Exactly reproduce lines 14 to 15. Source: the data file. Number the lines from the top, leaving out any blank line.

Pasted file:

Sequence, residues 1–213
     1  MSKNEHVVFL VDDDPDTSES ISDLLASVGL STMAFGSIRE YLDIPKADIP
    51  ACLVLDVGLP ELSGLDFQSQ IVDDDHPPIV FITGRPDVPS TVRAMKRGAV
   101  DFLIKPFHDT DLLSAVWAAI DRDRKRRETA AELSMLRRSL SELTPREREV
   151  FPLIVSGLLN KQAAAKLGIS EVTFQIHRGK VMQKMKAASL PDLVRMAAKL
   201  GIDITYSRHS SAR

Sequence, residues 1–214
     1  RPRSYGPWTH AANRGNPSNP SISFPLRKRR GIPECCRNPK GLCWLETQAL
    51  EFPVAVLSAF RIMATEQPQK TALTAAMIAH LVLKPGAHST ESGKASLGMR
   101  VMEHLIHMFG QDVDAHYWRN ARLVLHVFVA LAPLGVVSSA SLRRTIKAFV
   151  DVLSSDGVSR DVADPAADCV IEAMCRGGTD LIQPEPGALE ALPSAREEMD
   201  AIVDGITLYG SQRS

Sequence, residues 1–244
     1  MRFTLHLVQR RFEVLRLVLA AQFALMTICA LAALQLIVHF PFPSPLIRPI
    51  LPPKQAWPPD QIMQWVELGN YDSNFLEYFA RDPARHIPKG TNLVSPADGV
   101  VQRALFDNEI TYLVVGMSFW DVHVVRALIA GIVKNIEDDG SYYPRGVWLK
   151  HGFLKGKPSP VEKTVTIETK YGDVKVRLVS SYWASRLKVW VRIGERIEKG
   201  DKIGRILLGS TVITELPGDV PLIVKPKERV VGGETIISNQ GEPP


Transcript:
     1  MRFTLHLVQR RFEVLRLVLA AQFALMTICA LAALQLIVHF PFPSPLIRPI
    51  LPPKQAWPPD QIMQWVELGN YDSNFLEYFA RDPARHIPKG TNLVSPADGV